Simona Halep has the opportunity to become the world’s no. 1 tennis player if she wins Sunday’s Roland Garros final.
She’s not just the best-ranked Romanian tennis player, but also one of our most popular athletes. Simona Halep has again grabbed the headlines of sports newspapers all over the world. On Thursday, in the Roland Garros semi-finals, Halep defeated Karolina Pliskova of the Czech Republic, WTA no. 3, in three sets, 6-4, 3-6, 6-3. On Saturday, Halep will play Jelena Ostapenko of Latvia, ranked 47 in WTA standings.
Sports news agencies have dubbed Halep favourite to win Saturday’s match, given that Ostapenko, who has just turned 20, has not yet succeeded in winning any title in women’s competitions. Aged 25, Halep is seen, on the other hand, as a very experienced player, with numerous titles on her side in the ITF and WTA circuits. Still, Halep is yet to win her first Grand Slam tournament. It’s the second time Halep reaches the final of the French Open, which in 2014 she lost to Russian Maria Sharapova.
For her, Saturday’s match holds a twofold promise: if she wins, Halep will secure the first trophy in a Grand Slam tournament as well as the number one spot in women’s rankings. “It's a big challenge, a big chance. I think I have the game. I have the mentality to win, but it's going to be tough”, Halep said after winning Thursday’s semi-finals match. Nothing has ever been easy for this young girl born in Constanta, southeastern Romania. Her family took an enormous risk, investing their life’s savings to sponsor Simona’s early tennis days. In order to improve her reaction times and reduce her back pain, Halep underwent breast reduction surgery, much like other professional female athletes who did the same to up their performance.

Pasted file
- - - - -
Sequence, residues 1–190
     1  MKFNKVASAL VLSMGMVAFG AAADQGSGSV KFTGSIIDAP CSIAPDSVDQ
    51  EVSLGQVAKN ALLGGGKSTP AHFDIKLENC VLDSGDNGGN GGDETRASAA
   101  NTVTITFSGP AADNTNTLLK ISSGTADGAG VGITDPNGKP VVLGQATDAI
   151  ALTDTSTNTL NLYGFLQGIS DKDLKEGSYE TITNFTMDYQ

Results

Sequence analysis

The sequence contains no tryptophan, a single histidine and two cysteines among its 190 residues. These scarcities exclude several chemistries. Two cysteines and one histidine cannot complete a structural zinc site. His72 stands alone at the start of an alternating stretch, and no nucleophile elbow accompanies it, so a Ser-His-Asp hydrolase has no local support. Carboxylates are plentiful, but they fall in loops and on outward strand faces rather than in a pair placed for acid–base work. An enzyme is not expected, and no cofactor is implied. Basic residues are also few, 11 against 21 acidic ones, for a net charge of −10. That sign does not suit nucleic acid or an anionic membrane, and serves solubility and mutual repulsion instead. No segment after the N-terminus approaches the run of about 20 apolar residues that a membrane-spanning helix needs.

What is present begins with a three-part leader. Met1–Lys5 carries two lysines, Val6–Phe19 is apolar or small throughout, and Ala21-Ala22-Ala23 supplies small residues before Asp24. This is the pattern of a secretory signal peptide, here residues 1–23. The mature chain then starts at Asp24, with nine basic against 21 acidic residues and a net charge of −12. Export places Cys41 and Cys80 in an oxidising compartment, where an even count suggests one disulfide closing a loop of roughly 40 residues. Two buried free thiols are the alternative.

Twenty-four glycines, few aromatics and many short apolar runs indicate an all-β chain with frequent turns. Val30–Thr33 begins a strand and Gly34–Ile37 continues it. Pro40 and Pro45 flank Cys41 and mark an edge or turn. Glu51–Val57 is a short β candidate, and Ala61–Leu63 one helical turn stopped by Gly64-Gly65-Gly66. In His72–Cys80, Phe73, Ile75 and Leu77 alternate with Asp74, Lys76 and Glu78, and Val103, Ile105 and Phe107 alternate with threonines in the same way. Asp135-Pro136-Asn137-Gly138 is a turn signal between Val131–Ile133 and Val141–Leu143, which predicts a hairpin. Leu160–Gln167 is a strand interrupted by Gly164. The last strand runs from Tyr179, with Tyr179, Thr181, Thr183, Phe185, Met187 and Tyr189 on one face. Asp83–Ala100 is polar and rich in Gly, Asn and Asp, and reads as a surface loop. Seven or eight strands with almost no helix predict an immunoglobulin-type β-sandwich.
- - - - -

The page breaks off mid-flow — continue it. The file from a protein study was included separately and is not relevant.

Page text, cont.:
Despite having had a taste of success and glory, Halep remains a modest and shy person, despite having to cope with the tremendous pressure resting on her shoulders. The fans love her, although many people do resent her. As some pundits say, Halep is Romania, and when she wins, we win. Although tennis is an individual sport, her wins are often representative for the country as a whole, fuelling Romanians’ collective pride. When she loses, Halep is no longer a national symbol and belongs only to herself and her parents, who are said to have considerable sway over her decisions, and her coaches, whom she changes far too frequently, according to others. Her very loyalty to the country was called into question when, years back, she refused to play for Romania in FedCup matches after sustaining injuries. Despite all this, even her most vocal critics agree that Halep remains the best-performing Romanian athlete right now.